The Last Black Man
Summer blockbuster season has become a time to witness The End. Ends of cities, ends of civilizations, ends of worlds (and the rare ends of universes). This year’s summer box office has had and will have no shortage of apocalypses, with a long list of films featuring the ends of worlds and exciting new replacements crowding IMAX 3D theaters and midnight releases. The science-fiction films that have now permeated the fabric of the mainstream are about deconstruction and reconstruction of rules and eras. Many take place in new post-apocalypse eras where the rules are No Rules, studded leather is the only available fabric and names like Cypher Raige and Stacker Pentecost and Jericho Cane and Rayford Steele are common (my screenplay featuring Bluffer McBromium is available upon request). Many other offer more existential views on looming destruction of worlds (or smaller life and system worlds). But there are other common threads beyond the use of advanced technology in science-fiction films. For one, they all tend to represent alternate realities where every single Black person in the world has somehow gone extinct, except one.
Enter The Last Black Man. The Neo-Negro. Usually, this paragon of resilient Blackness arrives in movies in one of two specific trope forms. The first is the badass Human Cheat Code who is either the main character in Will Smith movies or a supporting character who should probably be the main character if we’re being honest with ourselves. The second is the older Future Magical Black Man, most times a former Human Cheat Code that mentors the main (white, often Tom Cruise) character and usually sacrifices himself for the protagonist in a heartbreaking scene. Not only do both of these character tropes shoulder the tough burden of knowing most people on the Earth just died and robots or zombies or robot zombies (ask Mr. McBromium) are threatening to wipe out the rest; they also have to live with the knowledge that somewhere along the line all of their extended family members, college friends and President Obama were unfortunately taken in by some race-specific rapture. What gives?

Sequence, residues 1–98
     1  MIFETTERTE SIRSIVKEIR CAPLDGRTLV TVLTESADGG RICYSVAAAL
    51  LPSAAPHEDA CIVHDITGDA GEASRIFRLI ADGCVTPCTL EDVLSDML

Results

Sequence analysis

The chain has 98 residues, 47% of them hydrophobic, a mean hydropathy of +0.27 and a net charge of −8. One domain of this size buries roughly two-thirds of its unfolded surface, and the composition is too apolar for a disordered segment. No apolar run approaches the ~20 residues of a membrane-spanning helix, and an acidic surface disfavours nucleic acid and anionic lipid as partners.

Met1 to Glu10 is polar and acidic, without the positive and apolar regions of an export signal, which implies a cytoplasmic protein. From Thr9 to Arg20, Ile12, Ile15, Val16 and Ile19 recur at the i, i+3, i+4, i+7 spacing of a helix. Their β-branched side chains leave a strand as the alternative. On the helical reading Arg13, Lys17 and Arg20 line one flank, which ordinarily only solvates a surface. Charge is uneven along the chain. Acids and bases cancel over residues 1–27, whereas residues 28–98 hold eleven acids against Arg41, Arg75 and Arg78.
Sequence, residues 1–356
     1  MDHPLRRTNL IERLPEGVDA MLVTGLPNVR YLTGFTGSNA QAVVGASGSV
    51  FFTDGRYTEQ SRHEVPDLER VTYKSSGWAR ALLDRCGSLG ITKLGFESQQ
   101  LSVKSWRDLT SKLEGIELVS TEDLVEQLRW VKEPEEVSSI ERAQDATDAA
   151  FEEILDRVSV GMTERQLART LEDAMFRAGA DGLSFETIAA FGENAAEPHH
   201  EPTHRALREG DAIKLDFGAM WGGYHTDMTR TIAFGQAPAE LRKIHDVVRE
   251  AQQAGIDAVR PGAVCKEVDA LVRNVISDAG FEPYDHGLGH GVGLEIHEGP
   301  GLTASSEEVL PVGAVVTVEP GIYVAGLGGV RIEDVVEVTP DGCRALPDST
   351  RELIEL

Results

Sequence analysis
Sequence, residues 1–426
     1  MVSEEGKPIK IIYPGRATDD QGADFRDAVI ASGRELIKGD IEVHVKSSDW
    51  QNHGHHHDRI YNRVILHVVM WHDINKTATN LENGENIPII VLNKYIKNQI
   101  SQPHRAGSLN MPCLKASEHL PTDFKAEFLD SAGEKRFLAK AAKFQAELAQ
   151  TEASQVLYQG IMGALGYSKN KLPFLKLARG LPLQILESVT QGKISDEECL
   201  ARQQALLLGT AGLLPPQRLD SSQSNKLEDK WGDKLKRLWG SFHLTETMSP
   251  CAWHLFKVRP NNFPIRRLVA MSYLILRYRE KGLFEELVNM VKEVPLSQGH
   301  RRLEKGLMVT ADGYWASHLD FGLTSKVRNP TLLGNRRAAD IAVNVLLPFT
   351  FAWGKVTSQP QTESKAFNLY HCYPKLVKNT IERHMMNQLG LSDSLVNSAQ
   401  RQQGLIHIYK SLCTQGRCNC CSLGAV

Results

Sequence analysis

Let’s start with a few recent examples before we move further. In no particular order, here’s a list of Last Black Men in science fiction.